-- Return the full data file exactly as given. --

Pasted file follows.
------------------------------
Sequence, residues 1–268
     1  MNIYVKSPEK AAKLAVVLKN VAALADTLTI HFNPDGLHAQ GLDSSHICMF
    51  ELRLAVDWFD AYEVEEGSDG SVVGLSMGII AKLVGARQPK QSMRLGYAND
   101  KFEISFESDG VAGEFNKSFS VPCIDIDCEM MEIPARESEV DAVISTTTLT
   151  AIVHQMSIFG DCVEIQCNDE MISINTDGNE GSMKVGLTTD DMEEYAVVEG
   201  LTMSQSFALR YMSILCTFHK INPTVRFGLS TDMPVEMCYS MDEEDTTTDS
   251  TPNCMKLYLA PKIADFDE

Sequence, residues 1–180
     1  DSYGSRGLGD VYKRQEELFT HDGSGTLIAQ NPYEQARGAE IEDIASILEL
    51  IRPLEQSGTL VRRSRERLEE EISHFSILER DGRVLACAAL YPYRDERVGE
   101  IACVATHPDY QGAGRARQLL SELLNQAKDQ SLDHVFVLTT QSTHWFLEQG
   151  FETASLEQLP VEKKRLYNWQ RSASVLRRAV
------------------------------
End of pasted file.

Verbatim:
Sequence, residues 1–268
     1  MNIYVKSPEK AAKLAVVLKN VAALADTLTI HFNPDGLHAQ GLDSSHICMF
    51  ELRLAVDWFD AYEVEEGSDG SVVGLSMGII AKLVGARQPK QSMRLGYAND
   101  KFEISFESDG VAGEFNKSFS VPCIDIDCEM MEIPARESEV DAVISTTTLT
   151  AIVHQMSIFG DCVEIQCNDE MISINTDGNE GSMKVGLTTD DMEEYAVVEG
   201  LTMSQSFALR YMSILCTFHK INPTVRFGLS TDMPVEMCYS MDEEDTTTDS
   251  TPNCMKLYLA PKIADFDE

Sequence, residues 1–180
     1  DSYGSRGLGD VYKRQEELFT HDGSGTLIAQ NPYEQARGAE IEDIASILEL
    51  IRPLEQSGTL VRRSRERLEE EISHFSILER DGRVLACAAL YPYRDERVGE
   101  IACVATHPDY QGAGRARQLL SELLNQAKDQ SLDHVFVLTT QSTHWFLEQG
   151  FETASLEQLP VEKKRLYNWQ RSASVLRRAV